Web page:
High court strikes down extension of community caretaking role to non-vehicle searches

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The Indiana Supreme Court on Tuesday struck down a portion of an Indiana Court of Appeals opinion that extended the law enforcement community caretaker role beyond questions regarding seizures of a vehicle. The justices did affirm the man's cocaine conviction, however, finding his constitutional arguments failed. 

In a November opinion in the case of William McNeal v. State of Indiana, 49S05-1706-CR-405, a unanimous Court of Appeals panel affirmed William McNeal’s conviction of Level 5 felony possession of cocaine, finding McNeal was not unconstitutionally detained in the moments leading up to the discovery of baggies of cocaine in his pocket. Indianapolis Metropolitan Police Officer Aaron Helton had handcuffed McNeal after observing him speaking in gibberish and struggling to stand.

A check of McNeal’s identification yielded an outstanding arrest warrant, and a subsequent search incident to arrest led to the discovery of the cocaine. The Court of Appeals upheld the denial of McNeal’s motion to suppress, finding Helton’s decision to detain him was reasonable under the officer’s community caretaking function.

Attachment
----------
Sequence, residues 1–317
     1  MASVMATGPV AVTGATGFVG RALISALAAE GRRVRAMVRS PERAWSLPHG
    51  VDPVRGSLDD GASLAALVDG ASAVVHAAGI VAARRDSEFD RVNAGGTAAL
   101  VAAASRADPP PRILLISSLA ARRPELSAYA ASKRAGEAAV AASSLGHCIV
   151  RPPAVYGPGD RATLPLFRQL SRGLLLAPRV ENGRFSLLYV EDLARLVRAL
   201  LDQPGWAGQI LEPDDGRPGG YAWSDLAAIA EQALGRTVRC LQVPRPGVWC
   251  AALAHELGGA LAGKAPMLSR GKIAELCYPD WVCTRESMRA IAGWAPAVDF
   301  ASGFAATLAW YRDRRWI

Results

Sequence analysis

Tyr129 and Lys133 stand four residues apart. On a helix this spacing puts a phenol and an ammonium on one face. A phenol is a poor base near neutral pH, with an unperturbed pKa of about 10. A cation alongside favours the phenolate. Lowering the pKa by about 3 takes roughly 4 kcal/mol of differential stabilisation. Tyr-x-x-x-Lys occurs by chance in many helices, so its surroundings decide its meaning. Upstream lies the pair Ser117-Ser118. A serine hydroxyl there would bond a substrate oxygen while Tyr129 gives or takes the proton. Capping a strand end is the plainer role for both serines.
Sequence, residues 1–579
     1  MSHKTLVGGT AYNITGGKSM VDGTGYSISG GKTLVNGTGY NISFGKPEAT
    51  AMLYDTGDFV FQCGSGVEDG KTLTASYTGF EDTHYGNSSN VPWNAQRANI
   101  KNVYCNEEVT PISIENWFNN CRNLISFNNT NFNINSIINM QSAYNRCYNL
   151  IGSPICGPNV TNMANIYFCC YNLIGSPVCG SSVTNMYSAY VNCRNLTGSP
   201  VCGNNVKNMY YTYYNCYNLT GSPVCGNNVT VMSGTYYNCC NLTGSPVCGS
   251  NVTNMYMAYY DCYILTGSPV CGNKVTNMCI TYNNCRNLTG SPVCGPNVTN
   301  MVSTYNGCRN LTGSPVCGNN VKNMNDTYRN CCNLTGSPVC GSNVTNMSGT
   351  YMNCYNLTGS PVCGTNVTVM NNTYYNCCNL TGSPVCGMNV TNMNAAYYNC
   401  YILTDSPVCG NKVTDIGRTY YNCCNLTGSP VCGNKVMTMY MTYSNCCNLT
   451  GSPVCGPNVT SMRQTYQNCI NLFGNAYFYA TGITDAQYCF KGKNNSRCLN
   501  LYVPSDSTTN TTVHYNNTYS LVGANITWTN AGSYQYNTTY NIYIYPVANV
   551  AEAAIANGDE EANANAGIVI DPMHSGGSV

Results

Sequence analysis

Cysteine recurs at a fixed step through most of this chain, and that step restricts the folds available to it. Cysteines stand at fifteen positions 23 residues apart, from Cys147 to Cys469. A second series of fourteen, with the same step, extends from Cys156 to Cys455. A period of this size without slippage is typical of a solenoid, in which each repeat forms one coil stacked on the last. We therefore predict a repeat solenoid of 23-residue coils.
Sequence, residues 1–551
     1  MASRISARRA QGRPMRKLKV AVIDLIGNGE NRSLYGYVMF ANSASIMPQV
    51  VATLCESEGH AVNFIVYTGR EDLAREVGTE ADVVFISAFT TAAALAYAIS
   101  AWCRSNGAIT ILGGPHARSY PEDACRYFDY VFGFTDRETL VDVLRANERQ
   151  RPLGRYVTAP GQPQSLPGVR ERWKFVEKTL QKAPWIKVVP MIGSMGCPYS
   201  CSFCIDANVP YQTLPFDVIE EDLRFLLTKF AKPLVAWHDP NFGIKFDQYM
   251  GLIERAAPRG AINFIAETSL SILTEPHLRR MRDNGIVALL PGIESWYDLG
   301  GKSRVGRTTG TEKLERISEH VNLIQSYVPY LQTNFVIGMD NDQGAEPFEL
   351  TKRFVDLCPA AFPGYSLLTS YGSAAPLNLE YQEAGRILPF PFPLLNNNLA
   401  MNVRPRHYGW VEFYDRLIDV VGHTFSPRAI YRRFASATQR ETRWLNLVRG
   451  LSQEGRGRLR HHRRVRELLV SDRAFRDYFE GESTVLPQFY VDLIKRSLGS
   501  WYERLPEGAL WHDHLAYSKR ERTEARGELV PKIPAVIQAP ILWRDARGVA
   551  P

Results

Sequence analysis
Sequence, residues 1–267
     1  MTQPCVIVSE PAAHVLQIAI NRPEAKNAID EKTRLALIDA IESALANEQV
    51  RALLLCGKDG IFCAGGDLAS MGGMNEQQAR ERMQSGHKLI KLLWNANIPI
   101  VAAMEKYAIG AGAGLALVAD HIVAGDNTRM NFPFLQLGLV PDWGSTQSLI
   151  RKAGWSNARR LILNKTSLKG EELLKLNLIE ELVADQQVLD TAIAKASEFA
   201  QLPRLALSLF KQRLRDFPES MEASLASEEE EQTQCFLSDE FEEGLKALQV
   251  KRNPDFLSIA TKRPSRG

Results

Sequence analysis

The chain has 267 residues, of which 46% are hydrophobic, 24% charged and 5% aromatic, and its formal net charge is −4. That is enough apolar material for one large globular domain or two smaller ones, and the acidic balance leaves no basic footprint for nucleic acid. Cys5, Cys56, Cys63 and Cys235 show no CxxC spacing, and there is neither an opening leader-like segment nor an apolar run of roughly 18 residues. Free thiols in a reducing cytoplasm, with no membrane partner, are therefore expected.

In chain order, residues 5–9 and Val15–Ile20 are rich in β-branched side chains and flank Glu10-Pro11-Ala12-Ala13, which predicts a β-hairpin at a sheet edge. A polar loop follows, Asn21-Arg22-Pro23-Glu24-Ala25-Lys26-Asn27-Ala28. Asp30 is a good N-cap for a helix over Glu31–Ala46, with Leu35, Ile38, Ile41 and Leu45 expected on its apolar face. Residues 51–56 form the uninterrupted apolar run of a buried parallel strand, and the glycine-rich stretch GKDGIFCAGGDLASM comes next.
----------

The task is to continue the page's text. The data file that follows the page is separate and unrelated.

“We emphasize that although prior Indiana courts have either not had occasion or not been inclined to extend the community caretaking exception beyond inventory searches of impounded vehicles, and most recently have extended the community caretaking function only to cases in which a vehicle is involved in some way…it would be illogical to think that a police officer cannot aid a citizen in distress, abate hazards, or perform he ‘infinite variety of other tasks calculated to enhance and maintain the safety of communities’ simply because a vehicle is not involved,” Judge Terry Crone wrote in November.

McNeal sought transfer and asked the Indiana Supreme Court to vacate the portion of the Court of Appeal’s opinion addressing the community caretaking exception to the Fourth Amendment warrant requirement, and the high court agreed to do so in a per curiam opinion released Tuesday. Specifically, the justices vacated the final sentence of Section 1, the entirety of Section 1.1, the first phrase of Section 1.2 and the second sentence of the paragraph numbered 25 in the Court of Appeals opinion, each of which discussed law enforcement’s community caretaking role.

However, the high court summarily affirmed the remaining portions of the opinion, including that McNeal’s detention did not violate the Fourth Amendment because “police had reasonable suspicion he ‘had committed, or was about to commit, the crime of public intoxication.’” Further, the high court agreed there was no violation of Article 1, Section 11 of the Indiana Constitution.

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